Trading textbooks are filled with methods and techniques to reduce the tension you feel when trading. Suggestions range from the most common, i.e. starting with small amounts and low leverage to instilling a disciplined strategy. If you’ve just started your trading adventure then this is exactly what you need.
But perhaps you’ve got a different story. Maybe you’re already a successful trader, having implemented all those discipline-while-trading tips. Suddenly, out of nowhere, you get the jitters, just as you did as a rookie.
There is hardly anything more discouraging. Could it be you no longer have what it takes? You just can’t shake that feeling that perhaps you should stop trading before it gets worse.
But that’s exactly what you shouldn’t do. You want to become a better trader, a real pro, don’t you? Well, overcoming your jitters, just as you did in your early trading days, is the key.
How can you overcome a clear cut case of the jitters? It may surprise you but implementing a few simple tips can make all the difference. In this article, we’ll focus on two key reasons why an experienced trader gets nervous and the tips to overcome it.
Trading With Big Money and Staying Cool
Often, when we significantly raise the amounts we risk per trade we start getting more and more nervous. Say that all along, you’ve acted prudently. You’ve raised the amount you risk slowly and steadily and successfully managed to keep your cool.
Your plan is to make significantly life-changing profits from trading. Now, the amounts you risk are more considerable and that’s started to make you nervous. Eventually, each and every trade becomes a nerve-wracking event. You’re thinking about reverting back to small amounts. But what you’ll gain from your fears is just peanuts, comparatively, not “real” money.
So why have you suddenly turned nervous when you raised the stakes? It’s simple, really. Your subconscious tells you that this is big money. And, of course, big money decisions shouldn’t be taken lightly. When you trade, you get the feeling you’re making decisions too quickly.
Unfortunately, your brain is wired in a way that doesn’t let you concentrate when you’re nervous. When you’re nervous, your brain is primed to take action, not think.
A tip for trading big money:
Let me ask you a question. How often have you lost your keys when you’re in a rush to get out the door? You frantically, yet futilely, search high and low. It’s only when you’ve calmed down and thought about them that you’re finally able to find them.
Now, if you had left your keys in a regular spot, you can always find them. Even when you’re nervous or in a hurry your keys will always be exactly where you left them. That’s exactly where the solution to trading lays.
You simply have to break down all of your trading strategy to very simple actions. For instance, if A equals B, then you have to do C. Everything has to become a habit, a routine, if you will; just like the keys you always put in the same place.
This essentially eliminates the need for you to think when you’re nervous. It won’t allow your fear of bigger amounts to interfere with your rational trading decisions. Eventually, over time, as you stick to simple actions and a no-thinking strategy, you can begin trusting yourself again. The nervousness will go away. Now, you can trade big money with calm and confidence. You’re on your way to becoming a more professional trader.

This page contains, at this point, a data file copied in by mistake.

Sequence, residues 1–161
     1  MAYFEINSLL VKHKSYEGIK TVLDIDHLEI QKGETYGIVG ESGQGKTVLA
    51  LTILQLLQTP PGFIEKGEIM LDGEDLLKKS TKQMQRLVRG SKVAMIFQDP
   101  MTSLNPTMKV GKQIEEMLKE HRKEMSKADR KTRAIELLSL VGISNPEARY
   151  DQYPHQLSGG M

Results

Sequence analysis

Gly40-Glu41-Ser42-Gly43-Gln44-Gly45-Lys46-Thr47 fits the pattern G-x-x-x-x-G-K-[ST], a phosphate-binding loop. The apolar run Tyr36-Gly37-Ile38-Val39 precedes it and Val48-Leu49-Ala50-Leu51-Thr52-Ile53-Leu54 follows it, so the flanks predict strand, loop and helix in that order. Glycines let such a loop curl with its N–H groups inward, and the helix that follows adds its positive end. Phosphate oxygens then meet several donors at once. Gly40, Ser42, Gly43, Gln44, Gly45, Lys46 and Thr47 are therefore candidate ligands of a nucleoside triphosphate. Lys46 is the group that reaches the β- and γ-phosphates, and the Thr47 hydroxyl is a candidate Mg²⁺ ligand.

Here is a really simple example of how one could do that. Below you see an hypothetical trade that has an entry signal and a day after an exit signal. Those signals are programmed, as if they were conditions in an Excel spreadsheet. In real time, the trader doesn’t need to think or analyze.
He just fills in the values and gets the outputs: entry, exit, raise, stop loss, close position, lower leverage, etc.
Nothing is left to chance. The trader can be nervous or calm; regardless, his performance will be undisturbed.
Your strategy stopped working:
Your strategy, which had been lucrative and successful, is suddenly losing money. Has it stopped working altogether? Or is it a transitory problem? You thought you had something solid but now you believe you don’t. You can’t figure it out and you become nervous as times goes by.
Want a tip for fixing a faulty trading strategy?
The key here is to investigate. Don’t simply conclude that your strategy isn’t working before you’re absolutely certain. Determine the why first instead of getting frustrated and nervous.
The first thing to check is the execution. For example, have you changed your broker? Are the execution levels, commissions and fees the same? A change in the spread or slippage can go a long way toward sabotaging a strategy.
I recently published a rather helpful account of his scrutiny into his broker’s execution. Although he doesn’t discuss all possible aspects he offers his conclusions. Shaun’s insights provide a strong argument as to how one should approach an execution problem.
The second thing to check is whether market conditions have changed. Bear in mind that a small adjustment can often make a big difference. The reality is the answer might be right under your nose. If that is the case, I recommend revisiting my article on fixing a trading strategy.
The Bottom Line
These tips are aimed at prudent traders who’ve reached a point where their trading results are impacting their financials. Both problems revolve around one clear truth. When you trade and you’re nervous it’s because something isn’t working or not working well. The solution is clear as well; isolate the problem, solve it, keep calm and trade on.